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How Much Does It Cost To Install Or Replace A Sump Pump?

Typical Range: $642 - $1,885

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Sump Pump Installation or Replacement Costs

On average, sump pump installation costs $1,200, with most homeowners spending between $642 and $1,885. This data is based on actual project costs as reported by HomeAdvisor members. If your home already features a sump pump, failure may require replacement. In that case, your costs will be slightly less at between $450 and $550.

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National Average
$1,200
Typical Range
$642 - $1,885
Low End - High End
$275 - $3,800

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Cost data is based on actual project costs as reported by 1,216 HomeAdvisor members in .

Average Cost to Install a Sump Pump

National Reported Average$1,200
Typical Range$642 and $1,885
Low End$275
High End$3,600

Sump pumps work almost every day moving water away from your foundation to keep your house from flooding. They are usually located in your basement in the lowest point in the floor in a hole called the sump hole. Any water that flows into your basement will make its way to this lowest point. Your sump pump hooks up to your wastewater drain. When water enters your basement, the pump pulls it away from your foundation into your wastewater system and keeps your basement from flooding. There are a few major factors that will affect the cost of your sump pump installation.

Sump Pump Cost by Type

PedestalSubmersible
Pump Cost$58-$170$100-$400
Works Best WhenFlooding is minor due to moderate powerGreater risk of flooding with strong pump
RepairsProne to clogging but easier to serviceMore expensive repairs
Noise Louder. No muffling.Quieter.
Length of Life20-25 years5-15 years

There are two main types of sump pumps that are most commonly installed in people's homes; submersible and pedestal. Both types work fundamentally the same way. Inside there is a float that rises as the water level rises. Once the water is above a certain level the pump is triggered to turn on, sucking the water in and releasing it out of your home.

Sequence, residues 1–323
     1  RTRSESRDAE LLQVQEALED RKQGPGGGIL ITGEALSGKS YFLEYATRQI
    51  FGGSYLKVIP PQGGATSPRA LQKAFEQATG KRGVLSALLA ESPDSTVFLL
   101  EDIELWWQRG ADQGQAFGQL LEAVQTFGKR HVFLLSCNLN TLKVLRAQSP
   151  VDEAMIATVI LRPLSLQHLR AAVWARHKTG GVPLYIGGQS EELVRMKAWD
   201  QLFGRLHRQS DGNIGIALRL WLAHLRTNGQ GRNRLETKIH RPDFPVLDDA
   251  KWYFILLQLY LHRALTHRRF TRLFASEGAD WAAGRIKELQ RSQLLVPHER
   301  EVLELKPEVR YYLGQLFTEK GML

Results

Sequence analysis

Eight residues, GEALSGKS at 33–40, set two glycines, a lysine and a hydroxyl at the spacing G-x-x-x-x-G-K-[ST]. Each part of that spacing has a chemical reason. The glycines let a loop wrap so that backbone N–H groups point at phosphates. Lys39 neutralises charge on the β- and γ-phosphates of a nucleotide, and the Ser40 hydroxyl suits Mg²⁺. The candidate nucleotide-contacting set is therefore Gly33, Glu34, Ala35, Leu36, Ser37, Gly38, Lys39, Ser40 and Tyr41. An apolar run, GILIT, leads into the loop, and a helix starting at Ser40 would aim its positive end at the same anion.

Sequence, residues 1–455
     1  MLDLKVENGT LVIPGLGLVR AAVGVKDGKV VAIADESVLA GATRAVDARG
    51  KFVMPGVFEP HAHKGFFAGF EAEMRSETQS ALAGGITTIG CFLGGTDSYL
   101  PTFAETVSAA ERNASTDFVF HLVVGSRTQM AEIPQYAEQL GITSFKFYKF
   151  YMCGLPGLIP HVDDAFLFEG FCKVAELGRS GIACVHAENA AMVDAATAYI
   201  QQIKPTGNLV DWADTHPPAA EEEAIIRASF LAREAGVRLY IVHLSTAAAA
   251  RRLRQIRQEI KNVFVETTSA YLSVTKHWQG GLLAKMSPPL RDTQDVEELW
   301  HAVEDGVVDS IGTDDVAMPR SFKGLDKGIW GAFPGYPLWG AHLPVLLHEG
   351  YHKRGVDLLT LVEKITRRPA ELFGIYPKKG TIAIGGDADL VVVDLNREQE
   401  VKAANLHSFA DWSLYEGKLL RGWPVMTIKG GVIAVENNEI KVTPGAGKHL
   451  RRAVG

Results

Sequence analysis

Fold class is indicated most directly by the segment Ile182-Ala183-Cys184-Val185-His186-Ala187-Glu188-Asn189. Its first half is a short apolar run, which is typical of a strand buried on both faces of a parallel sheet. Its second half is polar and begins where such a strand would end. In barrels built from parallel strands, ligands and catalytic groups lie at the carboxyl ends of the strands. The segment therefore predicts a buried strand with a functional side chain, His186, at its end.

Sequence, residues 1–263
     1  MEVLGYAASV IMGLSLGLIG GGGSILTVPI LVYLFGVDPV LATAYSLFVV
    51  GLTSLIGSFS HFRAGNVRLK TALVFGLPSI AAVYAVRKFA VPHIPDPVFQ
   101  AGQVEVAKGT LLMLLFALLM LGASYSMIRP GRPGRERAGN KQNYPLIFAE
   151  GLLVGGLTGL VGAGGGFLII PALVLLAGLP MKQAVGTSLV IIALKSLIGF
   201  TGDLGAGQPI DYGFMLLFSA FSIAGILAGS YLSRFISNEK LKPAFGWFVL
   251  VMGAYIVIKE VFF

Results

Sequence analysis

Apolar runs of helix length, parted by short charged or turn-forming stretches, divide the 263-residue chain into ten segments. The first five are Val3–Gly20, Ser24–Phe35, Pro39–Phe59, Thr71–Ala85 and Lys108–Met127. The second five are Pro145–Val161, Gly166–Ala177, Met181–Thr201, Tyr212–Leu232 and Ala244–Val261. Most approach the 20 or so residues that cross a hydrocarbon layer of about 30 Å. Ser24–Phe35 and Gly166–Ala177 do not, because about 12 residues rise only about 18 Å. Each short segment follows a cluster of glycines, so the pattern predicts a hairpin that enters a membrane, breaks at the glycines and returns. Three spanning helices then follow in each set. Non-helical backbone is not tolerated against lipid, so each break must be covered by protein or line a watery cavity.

Pedestal

A pedestal sump pump consists of a motor that sits atop a pedestal (hence the name) with a hose that goes down into the sump reservoir. The pump draws the water up through the hose and out to where it can be safely drained. The motors are of moderate power and work best where flooding is possible, but usually minor. They engage when a float, not unlike older toilet tank floats, rises with the water in the reservoir and trips the switch.

Because the motor sits on a pedestal above the reservoir, the components are more easily serviced. However, this also means that the pump can get in the way of your moving things around in the basement. There is also no muffling of the noise that the motor will make.

The biggest upside of a pedestal sump pump is the longevity of the motor. Because it isn’t submerged, the motor will last longer. Properly installed and maintained (which involves routine cleaning), a pedestal model can last 25 to 30 years.

The cost of a pedestal sump pump ranges from $58.00 for a basic 1/3 horsepower pump to about $170.00 for a ½ horsepower pump.

Submersible

Submersible pumps sit down inside the reservoir. They are submerged during operation and are sealed against the water. The motors are generally stronger than the pedestal-type, making them suitable for areas of greater flooding. The motor and the pump are combined into one unit.

Because they sit down in the reservoir, submersible sump pumps are quieter. The water muffles the sound of the motor. They are also out of the way when it comes to moving things around in the basement. However, being under water takes its toll. They generally only last 5 to 15 years, but they are not as prone to clogging as a pedestal pump.

The cost of a submersible pump ranges from $100.00 to $400.00. They can be as strong as ¾ horsepower and the more expensive ones tend to come with battery backup systems.

Other Alternatives

A plastic pump provides better chemical resistance against corrosive fluids and can move abrasive liquids like water with heavy silt. However, they can’t handle high pressures very well and so will likely be of lower horsepower.

Metal pumps can handle higher pressures and will likely be stronger, but parts can be prone to corrosion and the units can cost twice as much as their plastic counterparts.

sump pump installation costs $275 to $3,600

Sump Pump Installation Cost Factors

Besides the cost of the pump itself, there are other factors that will influence the cost of having a sump pump installed.

Type of Floor